The yin and the yang. They remind us that all things exist as inseparable and contradictory opposites. Within this concept lies one of the keys to digital transformation success as well.
Look at any of the ample compilations available on the reasons why digital transformations fail and there’s one thing we know: it’s not because of the technology.
As organizations transition from the Industrial Era to the Digital Era, the Institute for Digital Transformation affirms that culture is why most digital transformation efforts fail. Further, the Institute advises that “effective digital transformation should not be undertaken to develop a specific “digital capability,” but rather should be focused on developing a “cultural capability” that will ready the organization for the unique pressures and demands of the digital era – an agile organization.”1
Digital transformation is hard not just because of the sheer magnitude of change to manage and new possibilities to leverage, but because in many cases it requires us to go against human nature as we’ve been conditioned. We may think of strategy as incremental changes, orchestrated through defined planning rhythms. We may be used to thinking in silos versus systems. We may consider agility to be synonymous with faster execution of projects. However, digital transformation is a fundamental business change which also requires a rewiring of the way an organization operates.
This is the time to cross the Rubicon.
Building New Muscle
For non-digital native organizations in particular, this means building new muscle and boldly addressing some of the challenges that have existed for decades. Digital transformation requires:
- Developing transformational strategies and a culture of continual strategy and innovation, not tactical improvements
- Taking responsibility for the business, not allowing digital transformation to be technology-led or vendor-led
- Embodying an enterprise-first mindset, not a silo-first mindset
- Building end-to-end organizational agility, not just execution agility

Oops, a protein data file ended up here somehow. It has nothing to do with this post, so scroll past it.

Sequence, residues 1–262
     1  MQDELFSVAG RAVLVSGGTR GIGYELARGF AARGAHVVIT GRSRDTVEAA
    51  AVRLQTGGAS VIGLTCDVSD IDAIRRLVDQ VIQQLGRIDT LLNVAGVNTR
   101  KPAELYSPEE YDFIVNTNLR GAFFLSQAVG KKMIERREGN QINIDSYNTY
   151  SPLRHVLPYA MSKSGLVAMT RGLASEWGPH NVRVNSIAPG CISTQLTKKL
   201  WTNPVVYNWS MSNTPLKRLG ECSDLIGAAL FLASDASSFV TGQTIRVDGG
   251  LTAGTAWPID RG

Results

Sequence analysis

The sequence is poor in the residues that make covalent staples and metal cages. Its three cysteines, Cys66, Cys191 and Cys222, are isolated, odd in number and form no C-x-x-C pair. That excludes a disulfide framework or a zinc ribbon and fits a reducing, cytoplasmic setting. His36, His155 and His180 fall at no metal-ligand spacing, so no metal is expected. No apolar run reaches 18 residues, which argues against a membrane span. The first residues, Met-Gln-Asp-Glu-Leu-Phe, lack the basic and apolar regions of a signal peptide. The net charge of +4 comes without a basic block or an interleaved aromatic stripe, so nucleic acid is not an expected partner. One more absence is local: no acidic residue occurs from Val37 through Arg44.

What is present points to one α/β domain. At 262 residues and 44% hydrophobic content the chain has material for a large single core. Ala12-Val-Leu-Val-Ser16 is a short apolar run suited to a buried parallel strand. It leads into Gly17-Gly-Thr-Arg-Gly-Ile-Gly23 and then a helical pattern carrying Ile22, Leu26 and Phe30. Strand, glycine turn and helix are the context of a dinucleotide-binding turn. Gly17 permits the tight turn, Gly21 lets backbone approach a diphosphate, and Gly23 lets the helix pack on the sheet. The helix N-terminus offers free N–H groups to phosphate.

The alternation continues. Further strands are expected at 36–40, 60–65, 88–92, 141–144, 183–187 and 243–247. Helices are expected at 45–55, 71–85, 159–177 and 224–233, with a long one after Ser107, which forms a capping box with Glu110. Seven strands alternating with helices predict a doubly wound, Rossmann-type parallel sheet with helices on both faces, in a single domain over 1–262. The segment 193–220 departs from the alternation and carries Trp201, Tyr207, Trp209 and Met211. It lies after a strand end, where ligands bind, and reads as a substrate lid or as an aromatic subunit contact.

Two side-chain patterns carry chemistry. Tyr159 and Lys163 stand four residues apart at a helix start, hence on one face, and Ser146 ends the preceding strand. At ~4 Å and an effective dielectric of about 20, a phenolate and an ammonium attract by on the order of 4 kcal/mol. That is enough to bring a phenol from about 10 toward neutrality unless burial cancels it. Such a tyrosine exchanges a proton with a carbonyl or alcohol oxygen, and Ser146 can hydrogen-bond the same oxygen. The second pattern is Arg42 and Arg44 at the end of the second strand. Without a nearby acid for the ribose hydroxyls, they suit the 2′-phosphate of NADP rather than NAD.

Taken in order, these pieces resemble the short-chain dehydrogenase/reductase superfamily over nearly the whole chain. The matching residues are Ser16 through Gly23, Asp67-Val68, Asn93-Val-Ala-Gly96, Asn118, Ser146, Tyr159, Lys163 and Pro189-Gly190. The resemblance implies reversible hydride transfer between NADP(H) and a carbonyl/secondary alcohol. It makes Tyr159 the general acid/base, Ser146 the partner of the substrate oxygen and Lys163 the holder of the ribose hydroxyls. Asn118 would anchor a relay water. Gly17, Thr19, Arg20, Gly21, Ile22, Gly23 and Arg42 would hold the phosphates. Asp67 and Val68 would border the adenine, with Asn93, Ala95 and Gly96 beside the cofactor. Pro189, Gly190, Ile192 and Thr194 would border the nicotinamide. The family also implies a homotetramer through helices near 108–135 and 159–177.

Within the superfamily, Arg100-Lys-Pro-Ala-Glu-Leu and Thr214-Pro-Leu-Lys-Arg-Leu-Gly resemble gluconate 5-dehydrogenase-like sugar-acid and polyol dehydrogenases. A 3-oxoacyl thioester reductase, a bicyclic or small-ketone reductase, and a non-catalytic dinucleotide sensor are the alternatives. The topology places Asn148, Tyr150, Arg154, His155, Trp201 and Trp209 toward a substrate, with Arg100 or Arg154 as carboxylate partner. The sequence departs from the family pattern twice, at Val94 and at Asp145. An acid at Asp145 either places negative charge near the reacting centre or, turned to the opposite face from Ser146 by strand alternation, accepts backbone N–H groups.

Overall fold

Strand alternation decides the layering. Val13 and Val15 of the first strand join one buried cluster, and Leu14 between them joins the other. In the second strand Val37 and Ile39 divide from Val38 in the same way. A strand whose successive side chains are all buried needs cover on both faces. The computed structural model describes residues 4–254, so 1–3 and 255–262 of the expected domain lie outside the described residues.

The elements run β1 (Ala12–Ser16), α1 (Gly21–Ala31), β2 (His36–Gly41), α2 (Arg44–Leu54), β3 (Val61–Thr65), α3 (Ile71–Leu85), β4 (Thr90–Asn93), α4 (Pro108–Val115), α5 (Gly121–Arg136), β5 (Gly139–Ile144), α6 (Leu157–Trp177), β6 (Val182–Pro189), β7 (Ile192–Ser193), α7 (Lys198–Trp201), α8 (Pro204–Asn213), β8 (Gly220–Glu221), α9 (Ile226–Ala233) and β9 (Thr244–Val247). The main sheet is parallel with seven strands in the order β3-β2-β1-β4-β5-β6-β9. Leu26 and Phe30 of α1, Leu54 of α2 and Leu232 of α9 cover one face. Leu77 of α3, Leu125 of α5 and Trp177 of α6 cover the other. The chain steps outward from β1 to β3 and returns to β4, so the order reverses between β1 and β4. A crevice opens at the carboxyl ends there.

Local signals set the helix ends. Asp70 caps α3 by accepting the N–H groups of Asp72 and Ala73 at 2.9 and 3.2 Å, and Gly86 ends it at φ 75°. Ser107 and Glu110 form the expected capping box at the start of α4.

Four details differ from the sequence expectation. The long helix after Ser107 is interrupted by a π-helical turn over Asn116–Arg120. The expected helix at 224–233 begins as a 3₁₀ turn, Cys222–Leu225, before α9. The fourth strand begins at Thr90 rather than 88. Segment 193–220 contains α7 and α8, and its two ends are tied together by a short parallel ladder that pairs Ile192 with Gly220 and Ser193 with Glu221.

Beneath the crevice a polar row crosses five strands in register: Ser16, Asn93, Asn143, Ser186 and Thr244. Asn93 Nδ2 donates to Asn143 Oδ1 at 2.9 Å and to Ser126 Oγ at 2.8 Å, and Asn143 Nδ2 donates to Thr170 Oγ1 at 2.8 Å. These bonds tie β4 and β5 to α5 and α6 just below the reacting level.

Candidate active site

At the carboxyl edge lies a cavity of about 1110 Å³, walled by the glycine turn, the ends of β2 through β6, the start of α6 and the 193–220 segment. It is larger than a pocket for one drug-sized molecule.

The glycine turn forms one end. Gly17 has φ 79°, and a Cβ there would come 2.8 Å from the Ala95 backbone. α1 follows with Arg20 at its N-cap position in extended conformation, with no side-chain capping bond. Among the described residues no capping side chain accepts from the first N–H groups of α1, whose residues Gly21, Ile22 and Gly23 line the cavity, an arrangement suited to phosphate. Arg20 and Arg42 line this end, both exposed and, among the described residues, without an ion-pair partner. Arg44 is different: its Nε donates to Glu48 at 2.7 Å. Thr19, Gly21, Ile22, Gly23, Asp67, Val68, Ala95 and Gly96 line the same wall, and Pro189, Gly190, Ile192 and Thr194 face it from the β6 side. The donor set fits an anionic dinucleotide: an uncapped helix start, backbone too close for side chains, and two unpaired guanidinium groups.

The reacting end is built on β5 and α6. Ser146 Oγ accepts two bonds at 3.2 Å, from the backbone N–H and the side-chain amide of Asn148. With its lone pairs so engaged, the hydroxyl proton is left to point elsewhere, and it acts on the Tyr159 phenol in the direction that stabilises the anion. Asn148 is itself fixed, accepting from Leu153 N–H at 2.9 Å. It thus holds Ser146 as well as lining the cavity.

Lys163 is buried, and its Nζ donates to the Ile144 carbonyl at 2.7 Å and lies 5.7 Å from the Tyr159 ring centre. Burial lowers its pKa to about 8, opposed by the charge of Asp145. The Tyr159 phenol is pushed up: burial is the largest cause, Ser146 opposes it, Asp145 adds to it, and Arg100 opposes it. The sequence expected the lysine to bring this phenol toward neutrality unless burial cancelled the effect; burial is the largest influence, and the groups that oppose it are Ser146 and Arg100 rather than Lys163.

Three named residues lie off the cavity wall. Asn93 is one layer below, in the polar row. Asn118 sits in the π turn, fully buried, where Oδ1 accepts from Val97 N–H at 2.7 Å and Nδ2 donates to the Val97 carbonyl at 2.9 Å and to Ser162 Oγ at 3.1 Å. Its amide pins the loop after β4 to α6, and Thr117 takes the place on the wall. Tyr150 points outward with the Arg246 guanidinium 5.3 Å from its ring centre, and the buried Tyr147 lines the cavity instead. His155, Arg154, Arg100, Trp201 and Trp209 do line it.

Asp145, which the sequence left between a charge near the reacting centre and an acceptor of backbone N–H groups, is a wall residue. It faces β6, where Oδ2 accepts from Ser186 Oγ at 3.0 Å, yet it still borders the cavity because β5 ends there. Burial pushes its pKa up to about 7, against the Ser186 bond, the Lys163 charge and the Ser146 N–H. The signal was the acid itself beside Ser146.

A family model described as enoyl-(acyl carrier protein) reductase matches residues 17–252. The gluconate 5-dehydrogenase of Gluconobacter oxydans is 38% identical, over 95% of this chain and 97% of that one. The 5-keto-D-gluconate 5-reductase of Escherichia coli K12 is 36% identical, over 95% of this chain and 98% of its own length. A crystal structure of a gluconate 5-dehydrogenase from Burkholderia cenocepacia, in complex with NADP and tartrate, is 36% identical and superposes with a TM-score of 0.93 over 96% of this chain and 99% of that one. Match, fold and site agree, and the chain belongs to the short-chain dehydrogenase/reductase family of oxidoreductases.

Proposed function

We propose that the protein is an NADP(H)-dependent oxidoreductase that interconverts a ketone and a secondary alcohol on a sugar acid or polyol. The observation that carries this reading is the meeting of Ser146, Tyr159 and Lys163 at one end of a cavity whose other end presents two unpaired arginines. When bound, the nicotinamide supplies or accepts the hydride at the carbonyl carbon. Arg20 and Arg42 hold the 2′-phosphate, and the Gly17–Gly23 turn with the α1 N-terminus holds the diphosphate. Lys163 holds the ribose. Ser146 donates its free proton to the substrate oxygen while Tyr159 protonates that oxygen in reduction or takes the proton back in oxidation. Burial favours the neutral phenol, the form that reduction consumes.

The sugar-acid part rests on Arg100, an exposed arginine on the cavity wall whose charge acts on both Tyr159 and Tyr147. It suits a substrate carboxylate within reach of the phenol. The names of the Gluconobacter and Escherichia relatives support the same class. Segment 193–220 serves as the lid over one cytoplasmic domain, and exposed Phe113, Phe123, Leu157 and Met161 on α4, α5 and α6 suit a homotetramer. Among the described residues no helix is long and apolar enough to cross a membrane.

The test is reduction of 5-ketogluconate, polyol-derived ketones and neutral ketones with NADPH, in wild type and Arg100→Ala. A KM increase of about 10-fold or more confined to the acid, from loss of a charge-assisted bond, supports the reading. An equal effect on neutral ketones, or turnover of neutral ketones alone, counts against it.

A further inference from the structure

To define the transformation, organizations need a way to reimagine the art of the possible from a true business perspective. To achieve the transformation, organizations need a way to understand where they are today, and define and implement changes across business units and products for potentially the largest scope they have encountered to date. To sustain the transformation, organizations ultimately need to reshape how they execute strategy as well as the underlying structures and culture to embed an enterprise mindset, disruptive culture and continuous evolution approach into the DNA of the organization.
As with any change, even if there is a catalyst, we still need mechanisms to help us facilitate and maintain that change. The global landscape has created an urgent catalyst for digital transformation and business architecture (in partnership with IT architecture within the umbrella of enterprise architecture) is one of the key mechanisms for helping to define, achieve and sustain it.
The Instrumental Role of Business Architecture
Business architecture is a set of views or “blueprints” of an organization and the ecosystem in which it operates. An organization’s business architecture is entirely business-focused and owned, and represents what it does across the entire enterprise at a high level – including various aspects such as the capabilities it performs and how it delivers value. It can connect from strategies and policies down to initiatives and the operating model details of people, process and technology to provide a full end-to-end perspective from strategy through execution.
Business architecture is the critical but often missing bridge between strategy and execution, and instrumental for enabling digital transformation. It is also often misunderstood. You may have heard things such as:
“Business architecture takes too long.”
“We already know what we do today, we don’t have to write it down.”
“Structure gets in the way of innovation and agile execution.”
This is where we return to the concept of yin and yang. When approached correctly, the opposite is true. In fact, here we find a powerful paradox: the systemic, structured nature of architecture is the gateway to transformation and agility.
How does business architecture facilitate digital transformation?